Day 4, 7/11
Mileage: 45.0 – 57.1
Another late start happens, finally stirring at about 7 even though the first alarm went off at 5:15. We very slowly come out of a sleep coma and by the time we get out of the tent it’s 7:30, and 8:30 by the time we start walking. We need to get better at this.
We immediately start climbing up the same old logging road we were on yesterday evening, and shortly it turns into an even steeper single track trail. Up, up, up we climb. Up and over rocks and tree roots, around fallen trees and larger boulders. Rather than slowing down on the steep accent, I accelerate, allowing my lungs to suck in huge gulps of air, and using the momentum from one step to power the next leg over the rocks and up the hill. I feel GREAT. My heart beats a little faster and a smile comes over my face, inside I feel an excitement I haven’t felt in a while. I can feel that my hiker legs are coming back- legs that don’t tire and don’t slow down, no matter the terrain. I must be going around 3 mph up a 45 degree angle, I think to myself. I reminisce back to day 4 of last years trip on the JMT… It was also the first day I started to feel invincible. Day 4 is my magical day, I’ve decided. I also remind myself of how strong I was hiking over Pinchot, Glenn, and Forrester pass last year, several weeks in, once my legs were well conditioned. I can’t wait for those days on this trip. I’m well on my way already, and it’s only day 4!
After 4 miles we reach a meadow, called 6-mile meadow. It’s beautiful. By far the biggest meadow I have ever seen. We celebrate, take off our packs, wash a few clothes, and filter water. Our water filter is the slowest thing on the planet, and it takes around an hour to filter 4 liters. An hour! What a waste of time! I definitely will be getting a new filter.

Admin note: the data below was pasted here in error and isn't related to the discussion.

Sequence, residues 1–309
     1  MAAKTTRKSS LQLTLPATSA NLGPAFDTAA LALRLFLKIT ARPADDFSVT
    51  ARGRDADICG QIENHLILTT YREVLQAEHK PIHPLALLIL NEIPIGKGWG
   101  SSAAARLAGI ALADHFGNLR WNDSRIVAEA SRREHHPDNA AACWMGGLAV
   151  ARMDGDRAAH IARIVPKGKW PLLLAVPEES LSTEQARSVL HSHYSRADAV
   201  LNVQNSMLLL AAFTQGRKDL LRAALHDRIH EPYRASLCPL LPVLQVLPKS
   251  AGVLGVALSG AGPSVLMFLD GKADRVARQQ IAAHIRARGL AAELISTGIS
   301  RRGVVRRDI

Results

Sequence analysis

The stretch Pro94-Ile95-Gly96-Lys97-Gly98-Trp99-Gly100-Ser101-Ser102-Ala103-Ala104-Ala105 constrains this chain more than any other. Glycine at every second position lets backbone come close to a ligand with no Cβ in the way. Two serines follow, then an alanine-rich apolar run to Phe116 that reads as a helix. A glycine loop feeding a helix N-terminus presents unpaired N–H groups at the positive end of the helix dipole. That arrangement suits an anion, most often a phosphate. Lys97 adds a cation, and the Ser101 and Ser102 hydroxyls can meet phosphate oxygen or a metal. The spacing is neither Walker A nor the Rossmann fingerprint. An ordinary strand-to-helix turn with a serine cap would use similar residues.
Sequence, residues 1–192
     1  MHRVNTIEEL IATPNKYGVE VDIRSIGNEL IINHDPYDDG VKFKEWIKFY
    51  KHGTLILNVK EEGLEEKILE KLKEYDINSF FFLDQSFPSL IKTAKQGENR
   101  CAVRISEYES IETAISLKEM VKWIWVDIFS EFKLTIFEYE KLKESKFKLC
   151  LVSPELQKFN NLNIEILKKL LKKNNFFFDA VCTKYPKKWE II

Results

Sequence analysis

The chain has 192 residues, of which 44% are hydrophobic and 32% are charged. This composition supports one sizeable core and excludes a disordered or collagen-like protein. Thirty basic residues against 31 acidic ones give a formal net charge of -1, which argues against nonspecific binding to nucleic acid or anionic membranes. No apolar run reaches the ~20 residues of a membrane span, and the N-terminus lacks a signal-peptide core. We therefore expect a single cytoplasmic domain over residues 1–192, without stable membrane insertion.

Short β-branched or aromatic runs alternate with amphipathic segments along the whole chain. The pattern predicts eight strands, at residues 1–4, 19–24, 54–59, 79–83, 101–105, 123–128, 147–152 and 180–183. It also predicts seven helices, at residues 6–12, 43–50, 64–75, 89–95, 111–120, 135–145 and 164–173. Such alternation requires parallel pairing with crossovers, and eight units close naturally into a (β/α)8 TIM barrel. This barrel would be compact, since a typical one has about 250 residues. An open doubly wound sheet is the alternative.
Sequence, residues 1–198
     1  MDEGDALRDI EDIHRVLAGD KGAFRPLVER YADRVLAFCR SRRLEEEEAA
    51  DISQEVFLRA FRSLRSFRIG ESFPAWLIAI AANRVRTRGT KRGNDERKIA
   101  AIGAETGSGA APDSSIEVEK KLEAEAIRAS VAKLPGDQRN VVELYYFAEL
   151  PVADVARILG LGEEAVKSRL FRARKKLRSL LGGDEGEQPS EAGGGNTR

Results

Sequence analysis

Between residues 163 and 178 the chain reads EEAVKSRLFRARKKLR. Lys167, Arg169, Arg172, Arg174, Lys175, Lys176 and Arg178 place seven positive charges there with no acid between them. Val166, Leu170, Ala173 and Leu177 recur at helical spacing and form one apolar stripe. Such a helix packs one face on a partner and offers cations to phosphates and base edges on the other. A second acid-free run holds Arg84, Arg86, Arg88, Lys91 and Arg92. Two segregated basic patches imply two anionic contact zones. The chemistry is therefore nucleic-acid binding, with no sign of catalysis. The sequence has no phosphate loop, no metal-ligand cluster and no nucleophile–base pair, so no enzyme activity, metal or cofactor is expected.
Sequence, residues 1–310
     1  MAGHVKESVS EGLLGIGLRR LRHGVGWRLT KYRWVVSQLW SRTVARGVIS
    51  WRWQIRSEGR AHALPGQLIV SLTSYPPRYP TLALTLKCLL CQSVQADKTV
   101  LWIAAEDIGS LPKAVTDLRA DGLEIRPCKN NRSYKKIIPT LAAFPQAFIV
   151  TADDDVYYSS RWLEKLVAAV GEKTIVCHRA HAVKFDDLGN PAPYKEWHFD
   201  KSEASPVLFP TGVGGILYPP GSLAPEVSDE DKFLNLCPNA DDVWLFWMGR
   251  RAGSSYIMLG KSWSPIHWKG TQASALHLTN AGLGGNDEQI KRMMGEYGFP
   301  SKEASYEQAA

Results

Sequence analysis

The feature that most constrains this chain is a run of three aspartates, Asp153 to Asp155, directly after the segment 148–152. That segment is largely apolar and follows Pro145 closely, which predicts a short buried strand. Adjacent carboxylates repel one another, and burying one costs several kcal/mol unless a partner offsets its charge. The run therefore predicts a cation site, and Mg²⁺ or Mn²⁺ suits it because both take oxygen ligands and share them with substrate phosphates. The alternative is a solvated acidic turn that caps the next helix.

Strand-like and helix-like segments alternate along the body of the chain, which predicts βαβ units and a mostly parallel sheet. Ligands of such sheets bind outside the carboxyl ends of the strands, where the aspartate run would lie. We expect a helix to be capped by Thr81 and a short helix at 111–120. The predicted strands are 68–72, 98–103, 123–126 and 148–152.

The meadow seems to be never ending. Each time we turn a corner there is another long stretch of meadow in the distance. 6 miles of meadow, to be exact. Dark clouds start to gather in the distance. Then there is deep rumbling. Within minutes, more clouds form directly above us, and they turn a dark grey color almost as fast as they formed. Deep, loud rumbling is now right above us. We try to remember what we read about what to do when caught in a thunder storm, so we decide to leave our packs there, and we head down lower, towards the center of the meadow. It pours on us, and our rain gear is in our packs. We wait, hoping the clouds will pass, but they only continue to build. Finally, we decide we need to get out from right underneath the darkest clouds, and we see a patch of sunlight off in the distance. We head that way. Once again we sit, waiting, terrified. Our packs are behind us, probably a half mile back. Shit. What do we do? How long will we have to sit here? Hours? The rumbling continues, and occasionally we see a flash of lightening not too far away.
After 30 minutes or so, we decide we can’t sit here all day, as we still have about 6 miles to walk, so we make a break for our packs. Back into the darkest of dark clouds. We are walking right back into the worst of the storm. This is so stupid, I keep thinking. Help us God, help us God, I keep praying. Retrieving our packs, we put on rain gear and head as quick as our legs will take us back away from the storm. We continue walking, and we don’t stop…. Until we get directly underneath yet another dark cloud, and once again we decide it’s not safe to be walking out in the open with metal on our backs and in our hands. 30 minutes later, after sitting as low as we can get once more (this time with rain gear on), the rumbles occur less often and we haven’t seen lightening in a while. Finally, we can walk on. We walk fast.
A nice man passes by us heading the other direction. He gives us some good tips on what to do in a lightening storm, and I lodge those words in the back of my memory for another time, hopefully not anytime soon. 2 miles later we reach the end of the meadow, and start a 2 mile decent down to our camp spot. It rains on us. We get wet, we get cold, we get miserable.
As we quickly set up camp and change into our warm clothes, I turn to Simone and say “this was probably the craziest day I’ve ever had… Ever…” She agrees. We are thankful that we are safe and the day is over. We can rest now.
Tomorrow: 14.6 miles and a hitch to Fairplay, our first town stop! Yay!
Also, no more sleeping in for us.